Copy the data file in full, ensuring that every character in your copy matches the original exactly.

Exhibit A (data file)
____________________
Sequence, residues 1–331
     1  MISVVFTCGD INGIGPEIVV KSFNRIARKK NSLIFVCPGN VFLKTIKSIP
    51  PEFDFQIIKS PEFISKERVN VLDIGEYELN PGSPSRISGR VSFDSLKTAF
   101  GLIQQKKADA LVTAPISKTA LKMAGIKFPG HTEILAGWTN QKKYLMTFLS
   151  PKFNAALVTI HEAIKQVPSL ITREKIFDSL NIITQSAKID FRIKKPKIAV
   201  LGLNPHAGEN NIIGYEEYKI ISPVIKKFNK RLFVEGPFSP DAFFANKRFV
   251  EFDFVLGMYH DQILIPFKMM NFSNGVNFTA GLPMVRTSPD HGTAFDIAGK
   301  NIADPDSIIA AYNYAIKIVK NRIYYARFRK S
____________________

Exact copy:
Sequence, residues 1–331
     1  MISVVFTCGD INGIGPEIVV KSFNRIARKK NSLIFVCPGN VFLKTIKSIP
    51  PEFDFQIIKS PEFISKERVN VLDIGEYELN PGSPSRISGR VSFDSLKTAF
   101  GLIQQKKADA LVTAPISKTA LKMAGIKFPG HTEILAGWTN QKKYLMTFLS
   151  PKFNAALVTI HEAIKQVPSL ITREKIFDSL NIITQSAKID FRIKKPKIAV
   201  LGLNPHAGEN NIIGYEEYKI ISPVIKKFNK RLFVEGPFSP DAFFANKRFV
   251  EFDFVLGMYH DQILIPFKMM NFSNGVNFTA GLPMVRTSPD HGTAFDIAGK
   301  NIADPDSIIA AYNYAIKIVK NRIYYARFRK S